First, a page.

Problem Recognition: Trump and Jerusalem

This week President Trump is expected to officially recognize Jerusalem as the capital of Israel. Until now, the US has refrained from weighing in on this issue, as both Israelis and Palestinians claim the holy city as their capital, and its final status has always been seen as a critical part of any peace agreement.


So why now? Three broader angles to consider:

Trump is under fire at home and Republicans — particularly Evangelical Christians — have always sought this move. Is Trump’s decision here serendipitous timing or a little red meat for the base as the Russia investigation starts to bite?

Israel’s PM Benjamin Netanyahu is also in domestic trouble, facing serious corruption allegations that have sparked protests in recent weeks. US recognition of Jerusalem as the capital plays well with his base — so from one self-described victim of a “witch hunt” to another, could this be a timely political gift?

Elsewhere in the region, Sunni Arab officials have warned that this move will provoke violence and regional instability, but our guess is that when it comes down to it the key Sunni Arab powers in Egypt, Saudi Arabia, and the UAE care more about countering Iran — with a vigorously anti-Tehran US President — than they do about Palestinian aspirations.

Coffee is one of the most popular drinks in the world, but that means it creates a lot of waste in the form of cups and used coffee grinds. Every year, we drink out of 600 billion single-use plastic and paper cups, most of which end up in a landfill or our environment. Could coffee also contribute to a more sustainable future? A German company is now recovering leftover coffee grounds from bars, restaurants and hotels, and it's recycling them into reusable coffee cups. In other words, they're creating cups of coffee made from coffee.

Learn more at Eniday: Energy Is A Good Story

What technology was used to assist Eliud Kipchoge's historic sub two-hour marathon time?

A lot. If you watched the video of him, you saw that he was within a pace group, a whole bunch of runners in front of him cutting the wind. Some runners behind him, actually improving his wind resistance by having people behind him. There was a green laser showing him exactly what time he had to run. He had really high-tech gels that he took, these Maurten gels. I actually like those a lot, too. But the main thing were the shoes. These are the early prototypes of the shoes or the first version. He's now in the third version. But what's most important is there is a carbon fiber plate. You cannot bend this thing. So, Nike introduced these shoes, I don't know, two years ago. Now, there's a new generation. It's very controversial.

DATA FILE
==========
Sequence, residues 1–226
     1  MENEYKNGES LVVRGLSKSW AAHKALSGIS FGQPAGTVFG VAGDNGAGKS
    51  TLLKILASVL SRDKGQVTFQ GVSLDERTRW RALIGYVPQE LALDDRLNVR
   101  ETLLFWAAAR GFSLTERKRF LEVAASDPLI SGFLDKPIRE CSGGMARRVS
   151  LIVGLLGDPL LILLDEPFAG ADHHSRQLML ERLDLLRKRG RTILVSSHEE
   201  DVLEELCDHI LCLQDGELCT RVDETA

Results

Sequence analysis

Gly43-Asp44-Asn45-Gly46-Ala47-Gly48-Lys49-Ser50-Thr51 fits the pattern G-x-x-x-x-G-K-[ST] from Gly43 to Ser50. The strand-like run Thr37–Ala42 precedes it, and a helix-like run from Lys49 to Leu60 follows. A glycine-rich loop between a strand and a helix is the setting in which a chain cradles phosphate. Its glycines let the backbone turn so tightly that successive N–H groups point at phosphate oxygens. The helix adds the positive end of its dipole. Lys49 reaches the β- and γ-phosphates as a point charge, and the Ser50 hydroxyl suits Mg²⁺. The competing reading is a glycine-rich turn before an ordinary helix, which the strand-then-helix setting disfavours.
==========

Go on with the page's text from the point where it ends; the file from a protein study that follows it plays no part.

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Will the Catalonia question be a big issue in the Spanish election coming up in November?

You bet it will. Passions have been further inflamed now, and the question that has been difficult from the very beginning, by the very heavy prison sentences that was given to those that are accused of sedition, that is organizing the independence referendum. So, passions are heating up. It will be a difficult issue for the entire Spanish political system to handle for years to come.

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You'd think, being the relatively hopeful person that you are, that the nauseating anguish of Brexit would be more or less over now that UK Prime Minister Boris Johnson has finally reached a deal with Brussels on how to extricate the UK from the European Union.

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